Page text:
Red Hood and the Outlaws: Death of the Family, by Scott Lobdell, is the Red Hood (Jason Todd) crossover with the Joker story running through the Bat-titles.  As Joker attempts to separate Batman from his fellow “family members”, Jason and Red Robin (Tim Drake) are captured and confronted by Joker.  This was a very interesting addition to the storyline.  For anyone unfamiliar, Joker killed Jason Todd some time ago.  Jason was returned to life (a story for another time) and is now dealing with the fallout of that experience.  His confrontation with Joker, coupled with a “team-up” with Red Robin provide differing approaches to vengeance.  The #0 issue deals with how Jason Todd became Robin, and the role of Joker in his life up-to and after Jason’s death.  Finally, there is a crossover with Teen Titans, as Arsenal and Starfire search for Jason while the Titans look for Red Robin.  Arsenal is funny, in a slightly chauvinistic but intelligent way, and Starfire is in rebellion against her past (her former incarnation in the "old" DC universe).
I enjoy this title for the more lighthearted approach it takes to the super hero world.  Additionally, Jason Todd could easily become a one-note character, always about revenge and extreme measures of finding justice.  Instead, Lobdell shows Jason becoming a well-developed character, with depths being added constantly.  There is a scene with Bruce and Jason near the end of the collection that illustrates their evolving relationship perfectly. 
I highly recommend this to Bat-fans, and to readers looking for something a little less dark and brooding.
I received a preview copy of this book from DC Comics in exchange for an honest review.

Tuesday, December 10, 2013

Nightwing Vol. 3: Death of the Family by Kyle Higgins - Book Review

From the publisher: After having his face sliced off one year ago, the Joker makes his horrifying return to Gotham City! But even for man who's committed a lifetime of murder, he's more dangerous than ever before. The Joker sets his twisted sights on the members of the Bat-Family and attacks them all where it hurts—and for Dick Grayson, that means going after the family he's built up for the past year at Haly's Circus!
Kyle Higgins’s Nightwing Vol. 3: Death of the Family is a crossover with the Joker story running through the Bat-titles.  Nightwing (Dick Grayson) has sunk his life-savings into building a home for Haly’s Circus at a renovated amusement park.  But Joker has other plans.  He intends to use Dick’s friends to break him down and punish him.  Why? Because Joker believes Dick (and the other members of the Bat-Family) are preventing Batman from reaching his potential.
I really enjoy Nightwing; he’s my favorite of the heroes surrounding Batman.  He is the more hopeful face to Batman’s cynicism and darkness.  But lately, Nightwing has been going through a lot and is beginning to lose some of his optimism.  There is a poignant scene with Robin (Damian Wayne) that perfectly encapsulates Dick Grayson and shows how he balances Batman.  The scene is all the more moving in light of recent developments with Damian, and the resulting story is very moving and well done.  Higgins has really added emotional depth to Dick Grayson’s character.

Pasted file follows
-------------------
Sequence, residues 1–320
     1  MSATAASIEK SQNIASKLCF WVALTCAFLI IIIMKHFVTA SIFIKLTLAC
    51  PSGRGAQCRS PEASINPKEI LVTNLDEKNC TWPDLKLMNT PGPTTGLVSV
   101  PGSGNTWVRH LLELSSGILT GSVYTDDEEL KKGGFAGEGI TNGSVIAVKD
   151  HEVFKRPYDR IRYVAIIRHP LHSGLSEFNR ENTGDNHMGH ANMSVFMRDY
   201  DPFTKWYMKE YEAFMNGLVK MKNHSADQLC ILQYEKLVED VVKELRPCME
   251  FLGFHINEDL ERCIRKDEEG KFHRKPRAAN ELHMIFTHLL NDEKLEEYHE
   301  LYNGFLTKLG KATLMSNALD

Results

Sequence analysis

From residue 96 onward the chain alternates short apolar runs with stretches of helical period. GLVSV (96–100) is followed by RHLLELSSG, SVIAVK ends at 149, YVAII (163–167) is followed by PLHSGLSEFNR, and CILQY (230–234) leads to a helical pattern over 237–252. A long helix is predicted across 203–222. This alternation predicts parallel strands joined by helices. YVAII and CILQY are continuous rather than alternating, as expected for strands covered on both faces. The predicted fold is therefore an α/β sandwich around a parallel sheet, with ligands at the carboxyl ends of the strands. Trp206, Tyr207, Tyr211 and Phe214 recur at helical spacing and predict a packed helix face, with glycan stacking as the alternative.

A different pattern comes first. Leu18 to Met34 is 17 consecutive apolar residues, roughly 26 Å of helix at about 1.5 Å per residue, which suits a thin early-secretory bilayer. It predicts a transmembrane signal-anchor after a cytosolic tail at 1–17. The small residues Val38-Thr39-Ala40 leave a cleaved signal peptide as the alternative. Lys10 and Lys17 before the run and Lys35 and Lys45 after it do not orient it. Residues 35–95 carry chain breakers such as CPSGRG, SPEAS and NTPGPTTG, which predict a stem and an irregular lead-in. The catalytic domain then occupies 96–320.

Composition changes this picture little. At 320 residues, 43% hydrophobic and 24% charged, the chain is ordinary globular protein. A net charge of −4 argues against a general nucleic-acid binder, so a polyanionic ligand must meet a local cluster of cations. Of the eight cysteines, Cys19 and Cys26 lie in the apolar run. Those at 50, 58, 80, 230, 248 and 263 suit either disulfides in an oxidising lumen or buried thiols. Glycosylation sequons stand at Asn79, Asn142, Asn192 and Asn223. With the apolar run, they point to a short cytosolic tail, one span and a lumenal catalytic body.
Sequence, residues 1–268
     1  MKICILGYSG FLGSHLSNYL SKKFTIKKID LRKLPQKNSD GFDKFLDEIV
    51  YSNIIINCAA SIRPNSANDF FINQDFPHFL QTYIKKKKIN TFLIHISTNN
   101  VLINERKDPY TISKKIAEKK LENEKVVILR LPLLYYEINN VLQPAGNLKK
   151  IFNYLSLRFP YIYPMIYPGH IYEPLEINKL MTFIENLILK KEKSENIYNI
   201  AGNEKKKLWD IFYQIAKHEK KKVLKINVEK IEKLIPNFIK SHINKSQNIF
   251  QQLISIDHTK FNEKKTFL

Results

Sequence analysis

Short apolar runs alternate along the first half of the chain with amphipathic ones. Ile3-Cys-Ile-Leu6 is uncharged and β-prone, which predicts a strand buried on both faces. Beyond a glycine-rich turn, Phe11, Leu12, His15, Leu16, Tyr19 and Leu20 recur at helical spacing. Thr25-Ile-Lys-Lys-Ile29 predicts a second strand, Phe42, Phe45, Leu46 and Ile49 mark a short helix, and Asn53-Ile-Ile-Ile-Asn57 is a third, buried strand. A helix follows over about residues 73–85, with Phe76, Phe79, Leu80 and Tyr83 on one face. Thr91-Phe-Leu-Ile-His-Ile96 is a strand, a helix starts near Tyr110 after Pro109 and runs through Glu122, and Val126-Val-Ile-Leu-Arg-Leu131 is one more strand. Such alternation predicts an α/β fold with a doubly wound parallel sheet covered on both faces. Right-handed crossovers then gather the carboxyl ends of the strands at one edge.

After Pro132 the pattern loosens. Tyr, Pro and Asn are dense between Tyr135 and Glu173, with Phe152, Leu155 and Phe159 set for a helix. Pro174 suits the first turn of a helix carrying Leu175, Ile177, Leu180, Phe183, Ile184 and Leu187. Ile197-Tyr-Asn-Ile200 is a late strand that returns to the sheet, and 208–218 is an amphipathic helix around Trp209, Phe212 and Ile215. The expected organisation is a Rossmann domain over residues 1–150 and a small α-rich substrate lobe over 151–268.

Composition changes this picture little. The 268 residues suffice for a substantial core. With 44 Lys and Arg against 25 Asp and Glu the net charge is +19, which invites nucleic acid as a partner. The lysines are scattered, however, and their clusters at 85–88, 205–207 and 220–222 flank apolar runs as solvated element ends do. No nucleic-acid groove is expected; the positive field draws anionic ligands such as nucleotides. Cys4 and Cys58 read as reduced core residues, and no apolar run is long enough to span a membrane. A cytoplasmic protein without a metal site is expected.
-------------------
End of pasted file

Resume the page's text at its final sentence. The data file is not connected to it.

This is a collection for Dick Grayson fans, and for those looking to read the complete Death of the Family storyline.  I highly recommend it.
I received a preview copy of this book from DC Comics in exchange for an honest review.

Saturday, December 7, 2013

Basketball Season Begins!

Griffin had his first basketball game at school today.  He is on the "Hoosiers" (he was very excited about that, and glad not to be a Boilermaker) and three of his best buddies are on the team with him: Ethan S., Ethan C., and Boaz.  I'm not sure what the score was because there wasn't an official scoreboard, but Griffin played well.  He scored one basket, shot several others, had a least one assist (huge in K-1 league), played smothering defense (sometimes), and on a fast break he successfully dribbled the ball from one end to the other without picking the ball up once.

Next game is next Saturday.

Thursday, December 5, 2013

Batman and Robin Vol. 3: Death of the Family by Peter Tomasi - Book Review

From the publisher: A direct tie to Scott Snyder and Greg Capullo's "Death in the Family" Batman story comes the disturbingly creepy and psychological thriller of Batman and Robin by the all star team of Peter Tomasi and Patrick Gleason.

The Joker returns to test Batman and the extended Bat-family but when he squares off against Batman's son Damian aka Robin! With Batman's life hanging in the balance, The Clown Prince of Crime pushes Robin to his limits and beyond. And with the 300th anniversary of the founding of Gotham approaches, tragedy strikes the Bat-family.


Batman and Robin: Death of the Family, by Peter Tomasi, ties in to the overall Death of the Family story running through the Bat-titles.  In addition to the run-in with Joker, though, are several other episodes.  Most of this book focuses on Damian Wayne, Bruce Wayne’s son and the current Robin.  In one arc, Damian has sent Bruce chasing mementos from his past in order to help him discover more about his parents and childhood. It is a touching story and goes a long way towards developing the father-son relationship between the two. Another arc has a story with Damian and Dick Grayson (Nightwing) dealing with the fall out from Joker's attack on the Bat-family.